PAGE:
Lutte Ouvrière are an odd bunch even by Trotskyist standards with some serious doctrinal peculiarities. But their method with middle-class recruits was not to douse them in the Marxist classics (though I did get to read Socialism Utopian and Scientific and Lissagaray’s History of the Commune) but to encourage them to read novels and go to seem movies which would proletarianise their perspective on life. We read Christiane Rochefort’s Les Stances à Sophie and Les Petits Enfants du siècle, as well as Zola’s Germinal and Victor Serge’s Ville Conquise and S’il est minuit dans le siècle. (I can’t remember the films and a search for French films of 78 produces no flickers of recognition.) Before long I was meeting regularly with a small group of members (I was classed as a mere sympathizer) and going along to sell papers at markets in St Denis and other suburbs in the ceinture rouge.[1] This was great fun. We’d arrive at a market — the stallholders would be friendly and I remember a fishmonger giving us prawns for free — and stand shouting “Achetez, Lizez Lutte Ouvrière, hebdomadaire communiste révolutionaire!” for about an hour before adjourning to a café.

The assignment I probably disliked most, but which sticks in my mind, is leafletting the Kodak factory in Vincennes. As I living in the in the posh 16th,[2] the long trip to Vincennes meant getting to the Kléber Metro for 5am to make the rendezvous with the early shift. It was my first real encounter with French factory workers and I was surprised, and a bit shocked to find so many of them downing coffee with calvados in the morning dark before the shift. Goodness knows what they thought of a middle-class English boy standing outside the gates handing out barely-legible roneoed leaflets urging revolutionary commitment. Afterward, the Metro back to to the centre of town and a day’s work feeling exhausted. (My work, to be honest, was pretty undemanding and nobody was watching too closely, so I could spend a good portion of the day wandering in and out of bookshops and generally exploring Paris whilst ostensibly being out on a delivery.)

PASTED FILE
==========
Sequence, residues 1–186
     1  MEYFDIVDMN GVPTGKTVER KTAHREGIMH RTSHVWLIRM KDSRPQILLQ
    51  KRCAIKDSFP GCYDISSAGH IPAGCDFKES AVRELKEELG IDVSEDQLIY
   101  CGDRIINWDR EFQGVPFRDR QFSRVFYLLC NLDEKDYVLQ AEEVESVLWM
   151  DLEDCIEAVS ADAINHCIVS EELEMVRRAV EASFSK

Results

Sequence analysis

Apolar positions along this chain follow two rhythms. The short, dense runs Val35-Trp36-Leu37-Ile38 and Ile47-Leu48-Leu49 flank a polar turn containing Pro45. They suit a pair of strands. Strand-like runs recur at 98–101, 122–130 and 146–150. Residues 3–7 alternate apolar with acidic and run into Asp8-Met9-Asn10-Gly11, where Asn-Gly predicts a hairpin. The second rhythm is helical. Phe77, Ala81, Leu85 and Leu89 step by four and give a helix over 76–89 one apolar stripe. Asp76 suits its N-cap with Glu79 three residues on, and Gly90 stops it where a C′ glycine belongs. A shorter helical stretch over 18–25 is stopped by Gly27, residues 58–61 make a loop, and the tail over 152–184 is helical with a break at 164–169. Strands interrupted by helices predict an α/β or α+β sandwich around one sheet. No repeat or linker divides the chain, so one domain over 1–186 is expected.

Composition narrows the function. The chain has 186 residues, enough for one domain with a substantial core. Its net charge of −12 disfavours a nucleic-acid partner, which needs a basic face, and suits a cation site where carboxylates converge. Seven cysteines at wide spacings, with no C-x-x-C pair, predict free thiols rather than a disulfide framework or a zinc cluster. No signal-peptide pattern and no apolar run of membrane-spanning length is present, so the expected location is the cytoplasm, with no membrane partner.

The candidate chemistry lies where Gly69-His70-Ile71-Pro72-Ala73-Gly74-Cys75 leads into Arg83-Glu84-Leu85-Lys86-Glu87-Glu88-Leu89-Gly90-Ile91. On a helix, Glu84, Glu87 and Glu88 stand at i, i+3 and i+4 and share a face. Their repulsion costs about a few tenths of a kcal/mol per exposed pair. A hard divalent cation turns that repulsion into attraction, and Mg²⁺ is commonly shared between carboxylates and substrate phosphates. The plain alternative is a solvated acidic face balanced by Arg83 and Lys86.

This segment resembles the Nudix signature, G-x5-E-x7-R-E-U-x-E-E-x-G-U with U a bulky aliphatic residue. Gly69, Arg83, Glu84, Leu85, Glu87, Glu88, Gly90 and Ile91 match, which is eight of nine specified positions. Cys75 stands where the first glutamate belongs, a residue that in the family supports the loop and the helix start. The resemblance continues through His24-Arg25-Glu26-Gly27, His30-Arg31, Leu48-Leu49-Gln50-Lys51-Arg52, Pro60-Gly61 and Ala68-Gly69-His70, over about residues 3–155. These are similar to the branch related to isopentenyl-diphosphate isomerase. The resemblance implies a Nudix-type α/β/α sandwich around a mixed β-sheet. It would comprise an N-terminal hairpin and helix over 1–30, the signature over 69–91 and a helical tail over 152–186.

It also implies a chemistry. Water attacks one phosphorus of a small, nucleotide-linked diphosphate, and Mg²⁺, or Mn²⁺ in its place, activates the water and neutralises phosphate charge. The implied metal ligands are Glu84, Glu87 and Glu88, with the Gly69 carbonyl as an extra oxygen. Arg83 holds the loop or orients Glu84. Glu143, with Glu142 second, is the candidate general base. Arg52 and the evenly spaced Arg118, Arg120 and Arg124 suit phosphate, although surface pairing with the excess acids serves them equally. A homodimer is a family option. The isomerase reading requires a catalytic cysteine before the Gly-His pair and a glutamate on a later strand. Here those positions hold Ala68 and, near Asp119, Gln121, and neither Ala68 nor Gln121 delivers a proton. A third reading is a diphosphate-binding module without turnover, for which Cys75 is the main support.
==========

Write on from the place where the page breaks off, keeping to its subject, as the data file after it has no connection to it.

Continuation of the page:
Lutte Ouvrière also brought me my first girfriend, a Brazilian sociology grad student and also an “organized sympathizer” with whom I shared the job of working on the Lutte Ouvrière pancake stall at the PCF’s Fete de l’Humanité (a task repeated at the LCR’s Fete Rouge, where we got to see the Clash). Revolutionary organizations – perhaps political organizations generally – are a great vehicle for getting shy and inhibited people, as I was, to make friends and forge relationships, and a tone of contempt for “bourgeois morality” is a good part of that. However, being in a relationship with someone meant that I could no longer think of the organization’s weird policies on sex and contraception as being a merely theoretical bit of quirkiness. We had to be more practical than that.